Been picking up a bit on my readings recently. Here’s some quotes from the 2 recent articles i read:

The risk is not in doing something that feels risky. The risk is in not doing something that feels risky.

Travel doesn’t shape you so much as the people you meet along the way shape you. While living in San Salvador, I became friends with a couple of South Africans who approached life differently than I did.

For me travel was a novelty; for them it was a way of life. From observing them I came to the self-assessment that I had been living my life wrong. I had the ability to go just about wherever I wanted, and yet I had lived the first quarter century of my life more or less tethered to Chicago.

So what are you waiting for? Your eighty-year old self asks nothing of you but this.

If you have a dream, you can spend a lifetime studying and planning and getting ready for it. What you should be doing is getting started.

Your biggest risk isn’t failing, it’s getting too comfortable.

Source: The Risk Not TakenDrew Houston’s Commencement address

It’s funny because the more you read, the more you know that this is a formula in life, but yet sometimes you get too comfortable with the current way of life, and the inertia to start doing something is higher than what you know you need to do to derive the most out of life.

So how do you get over it? For me, its just a matter of breaking down what seemed to be a non actionable goal to actionable stuffs: the next time you want to say no, just say yes and let life surprise you.

Read also: Actionable goals

A recent example was that my boss in e27 asked me to emcee our flagship conference which concluded earlier this week. While I know that I was the final choice (i think), and that I have absolutely no experience in emcee-ing a professional event, I had to say yes.

It’s not often that you are entrusted with such a huge responsibility. A 1000+ pax regional conference.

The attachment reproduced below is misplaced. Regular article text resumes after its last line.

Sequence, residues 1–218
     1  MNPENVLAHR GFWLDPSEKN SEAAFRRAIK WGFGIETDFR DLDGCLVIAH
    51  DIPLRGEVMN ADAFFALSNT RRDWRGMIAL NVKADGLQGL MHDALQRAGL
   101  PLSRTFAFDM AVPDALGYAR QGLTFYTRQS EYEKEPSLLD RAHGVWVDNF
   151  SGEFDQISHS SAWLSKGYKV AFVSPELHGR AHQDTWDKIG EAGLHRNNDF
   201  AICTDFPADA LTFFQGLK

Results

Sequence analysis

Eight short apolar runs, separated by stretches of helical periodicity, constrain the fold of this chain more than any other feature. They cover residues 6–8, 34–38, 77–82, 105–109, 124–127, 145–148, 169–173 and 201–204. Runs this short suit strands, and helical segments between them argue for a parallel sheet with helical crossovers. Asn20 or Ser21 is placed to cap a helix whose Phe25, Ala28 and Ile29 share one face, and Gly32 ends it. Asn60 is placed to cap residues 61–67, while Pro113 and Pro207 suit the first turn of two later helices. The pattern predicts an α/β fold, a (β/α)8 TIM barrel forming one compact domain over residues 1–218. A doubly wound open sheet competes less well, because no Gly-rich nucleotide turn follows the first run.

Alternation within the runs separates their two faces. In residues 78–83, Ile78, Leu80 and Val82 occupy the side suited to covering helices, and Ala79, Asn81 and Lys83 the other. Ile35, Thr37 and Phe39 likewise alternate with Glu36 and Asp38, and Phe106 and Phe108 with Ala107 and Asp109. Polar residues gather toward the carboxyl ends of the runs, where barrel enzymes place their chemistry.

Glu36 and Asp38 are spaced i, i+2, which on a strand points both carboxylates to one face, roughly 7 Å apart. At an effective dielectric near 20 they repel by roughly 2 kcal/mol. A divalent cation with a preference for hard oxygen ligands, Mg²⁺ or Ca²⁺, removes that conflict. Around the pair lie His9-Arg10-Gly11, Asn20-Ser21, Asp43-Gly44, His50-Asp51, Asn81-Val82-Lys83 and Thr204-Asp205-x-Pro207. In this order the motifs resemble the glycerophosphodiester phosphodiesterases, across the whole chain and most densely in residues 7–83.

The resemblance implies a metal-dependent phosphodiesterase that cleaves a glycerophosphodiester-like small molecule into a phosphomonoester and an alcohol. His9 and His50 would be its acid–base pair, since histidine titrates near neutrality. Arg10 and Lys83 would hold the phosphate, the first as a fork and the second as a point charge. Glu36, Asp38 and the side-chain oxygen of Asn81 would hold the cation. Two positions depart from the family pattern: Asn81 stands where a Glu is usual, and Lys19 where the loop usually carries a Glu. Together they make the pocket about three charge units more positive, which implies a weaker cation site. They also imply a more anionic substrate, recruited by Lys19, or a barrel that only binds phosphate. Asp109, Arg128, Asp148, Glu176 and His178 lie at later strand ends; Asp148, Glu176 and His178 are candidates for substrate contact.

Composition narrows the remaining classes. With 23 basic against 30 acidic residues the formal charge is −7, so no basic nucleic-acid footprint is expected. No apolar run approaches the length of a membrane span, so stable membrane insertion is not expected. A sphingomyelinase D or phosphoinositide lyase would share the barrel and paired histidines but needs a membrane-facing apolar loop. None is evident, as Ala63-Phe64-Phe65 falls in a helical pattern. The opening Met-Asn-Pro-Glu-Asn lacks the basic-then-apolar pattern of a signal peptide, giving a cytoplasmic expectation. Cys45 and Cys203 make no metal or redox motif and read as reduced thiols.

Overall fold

Happy to know that there were great feedbacks and people loved it.


When i started the year 2013, I set out a few goals for myself, and I think 6 months is a good time to reevaluate them. Over the last 6 months, I’ve launched Bundles for e27, and landed a few job offers. Also helped marketed our recently launched e27 Investor Kit alongside our COO, which did pretty well.

I’ve learnt a lot from my company, especially from my 2 bosses:

  • Importance of prioritizing “meetings” – Make sure they are valuable
  • Everyone has an angle – Your job is to figure them out and position yourself to best leverage on them.
  • Everything you do you need to track – So you can know that went wrong. The worst thing that can happen is to not even know what went wrong
  • Name dropping might work against you – Try not to name drop, and instead let other people namedrop, if they want to
  • Framing & Helping to put products in context
  • Importance of articulating yourself clearly
  • Barter trading – ties back to point #2

So what’s next? There’s still tons of learning. And there’s so much that I want and will continue to do for e27.  My role is kinda fluid right now, not sure if that’s a good thing. I’ll be moving away from writing, and focusing more on products, events and biz dev. You’ll know when to move on when you can say, “my job here is done.”

It’s the only responsible thing to say & do.

Dave Morin moved on from Facebook to founding his current company Path when he finally felt that his job is done at Facebook. (Watch: Foundation with Dave Morin)

Launching Bundles was just the beginning, and my job at e27 is not done yet.

I will still be writing more high level articles. Simply because I enjoy writing about great companies and great founders: To me, every article I write is a individual product. So yeaps, expect to hear from updates from me!


P/S You should follow me on Twitter and check out the cool stuffs I have done!


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